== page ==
Lufthansa Cargo is another air cargo carrier that aims to go green before 2050. After being named as the top contender for DHL’s new GoGreen Carrier Programme which ranks cargo companies based on their Carbon Efficiency, Engagement, Transparency and Cooperation, Lufthansa cargo managed to reduce its overall emissions by 25% before 2020.
“Sustainability and environmental management are key criteria for us in our cooperation with logistics partners. That is why DHL launched the GoGreen Carrier Rating programme”, stated the Head of Air Freight at DHL, Ingo-Alexander Rahn. “This is the first time that air cargo was included in the rating, with Lufthansa Cargo taking top spot straight off the bat, deservedly earning the right to join the ranks of our Preferred Carriers.”
Since 2020, Lufthansa Cargo has worked hard to produce effective biofuel and contribute to a number of carbon offsetting programmes in order to further reduce emissions.
(Image Source: Lufthansa Cargo)
As well as providing new forms of sustainable aviation fuel, Lufthansa also offset their biofuel production process in order to ensure CO2-neutral flying from the lab to the sky. These carbon offsets are currently being invested into reforestation projects offered by their partner, Compensaid sequester, which aims to neutralise CO2 in the atmosphere using natural oxygen sources such as trees.
The air cargo carrier DB Schenker plan to reduce their carbon footprint by 50% before 2030, introducing new sustainable initiatives post-covid to meet e-commerce demands.
Their focus lies around reducing transport miles by consolidation both on the ground and in the air. In shortening their supply chain, they are actively reducing CO2 emissions during production and transit. Also offering the option for consumers to compensate for their CO2 emissions along each stage of the delivery process, the German logistics company predict that they can cut air freight based emissions by 20% and ocean freight emissions by 50%.
DB Schenker is also working with a number of cargo and passenger based airlines as they continue to invest in new sustainable aircraft designs that minimise emissions when carrying cargo. Better still, the logistics firm is pioneering the future of drone transit to eliminate CO2 emissions altogether. This net-zero method is fully electric and can carry over 200kg up to 25 miles. This crewless aircraft is just the start of a technical future of cargo logistics that consider sustainability and reduce environmental impact.
As they strive to reach net-zero by 2050 in line with the Paris Agreement, DB Schenker has also become an active member of the Sustainable Air Freight Alliance (SAFA), which strives to encourage freight forwarders to partner in an effort to track and mitigate CO2 emissions during freight transport.
Another air cargo carrier that has recently joined SAFA is Seko. The global logistics firm described it as an opportunity to “contribute to the positive decarbonization work being undertaken by the aviation industry”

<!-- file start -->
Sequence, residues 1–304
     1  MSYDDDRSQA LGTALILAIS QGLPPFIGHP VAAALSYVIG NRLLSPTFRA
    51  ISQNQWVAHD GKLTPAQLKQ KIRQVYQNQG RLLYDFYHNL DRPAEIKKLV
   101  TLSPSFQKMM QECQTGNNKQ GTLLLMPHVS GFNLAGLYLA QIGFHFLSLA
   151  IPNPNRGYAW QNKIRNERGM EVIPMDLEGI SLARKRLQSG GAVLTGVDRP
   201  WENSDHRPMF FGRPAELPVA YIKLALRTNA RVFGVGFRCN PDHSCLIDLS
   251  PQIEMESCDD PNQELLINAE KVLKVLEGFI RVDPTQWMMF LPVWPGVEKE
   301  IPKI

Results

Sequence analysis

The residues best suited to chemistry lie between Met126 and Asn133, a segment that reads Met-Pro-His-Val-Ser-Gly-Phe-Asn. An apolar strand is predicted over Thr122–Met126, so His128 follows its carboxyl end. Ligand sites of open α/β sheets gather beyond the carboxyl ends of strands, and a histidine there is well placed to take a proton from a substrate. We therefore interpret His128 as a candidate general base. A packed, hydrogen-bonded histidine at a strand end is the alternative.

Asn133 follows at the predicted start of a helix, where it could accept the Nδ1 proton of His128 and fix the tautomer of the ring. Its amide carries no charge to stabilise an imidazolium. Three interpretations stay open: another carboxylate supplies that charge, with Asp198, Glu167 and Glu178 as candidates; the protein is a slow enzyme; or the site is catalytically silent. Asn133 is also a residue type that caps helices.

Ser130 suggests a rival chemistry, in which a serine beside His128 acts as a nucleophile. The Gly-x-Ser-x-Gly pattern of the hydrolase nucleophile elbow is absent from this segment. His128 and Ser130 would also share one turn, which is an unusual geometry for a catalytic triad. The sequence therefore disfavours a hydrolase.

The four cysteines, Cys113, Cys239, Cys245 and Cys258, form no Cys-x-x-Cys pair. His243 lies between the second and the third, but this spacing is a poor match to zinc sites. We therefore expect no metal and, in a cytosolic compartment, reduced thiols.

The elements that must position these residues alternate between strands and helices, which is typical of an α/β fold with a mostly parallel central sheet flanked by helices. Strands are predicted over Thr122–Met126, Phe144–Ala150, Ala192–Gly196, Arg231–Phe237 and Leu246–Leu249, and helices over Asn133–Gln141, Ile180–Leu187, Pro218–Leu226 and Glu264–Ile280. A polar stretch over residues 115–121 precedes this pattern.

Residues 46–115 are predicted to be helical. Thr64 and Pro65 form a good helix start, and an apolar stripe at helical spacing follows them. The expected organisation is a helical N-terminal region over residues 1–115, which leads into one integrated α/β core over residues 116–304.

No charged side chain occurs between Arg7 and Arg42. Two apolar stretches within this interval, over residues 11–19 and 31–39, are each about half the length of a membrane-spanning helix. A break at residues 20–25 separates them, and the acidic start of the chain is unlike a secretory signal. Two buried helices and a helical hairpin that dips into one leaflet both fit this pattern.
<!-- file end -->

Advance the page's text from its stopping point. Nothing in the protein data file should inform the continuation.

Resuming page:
Speaking on behalf of the logistics company, CEO James Gagne stated that it is up to cargo carriers to join global business leaders and work on sustainable initiatives together for a greener future.
“We have a responsibility to join other global business leaders in this initiative because our industry must do more to protect our planet for future generations,” He said in the wake of collaborating with SAFA. “Companies that lack a sustainability strategy will see their growth threatened because clients will take their business elsewhere if their partners do not take this seriously. This is a collaborative effort in which we can do more and act faster by working together. Joining SAFA will enable us to help our clients achieve their own sustainability goals too, which is how it should be.”
Alongside their partnership with SAFA, the American founded cargo carrier is also innovating and automating their carbon footprint reports using SEKO360 technology. Recording emissions-based data on behalf of Seko clients, the logistics firm aims to use the information to assess their sustainable journey and predict targets for an eco-friendly future.
Last but certainly not least, DHL is also investing in sustainable aircraft solutions in response to a new report from The International Civil Aviation Organization (ICAO), predicting that aviation-based emissions will triple by 2050 without intervention.
“There is no way around sustainable logistics in the future. We are deciding today what kind of world we and our children will live in 30 years from now,” Claims Frank Appel, DHL’s CEO. “And our aspiration is to make a substantial contribution to ensure that this will be an even better world.”
(Image Source: DHL)
Striving to achieve net-zero by 2050, DHL has since purchased 33 million litres of SAF and plan to modernise their aircraft solutions. Replacing their unsustainable Boeing 747-400s with new lightweight Boeing 777 Freight jets, a combination of aerodynamic design and fuel-efficient technology has reduced DHL’s carbon emissions by 18% in response.
Speaking on behalf of the B777F’s success, Global Network Operations and Aviation head, Travis Cobb believes that introducing sustainable cargo carriers is the way forward. “The Boeing 777F fits well into our intercontinental network and perfectly complements our sustainability goal to achieve net-zero emissions by 2050”.
Is Net-Zero Transportation Achievable By 2050?
In the wake of the initial Paris Agreement in 2015 that outlined the goal to reach net-zero by 2050 and keep global warming below 1.5 degrees, a number of industries have stepped forward to improve sustainable efforts.
As global travel demands increase in a post-pandemic landscape and e-commerce success continues to put pressure on global cargo carriers, emitting travel-based CO2 emissions is the way forward for the transport industry.
The key here is electrifying the process. As new technological innovations hit the transport scene, modern transportation options such as electric cars, SAF powered jets and even drone technology is the way forward for logistics firms who need to meet both demand and new sustainable goals.
2050 maybe thirty years down the line, but air cargo carriers need to act now if they want to see net-zero success.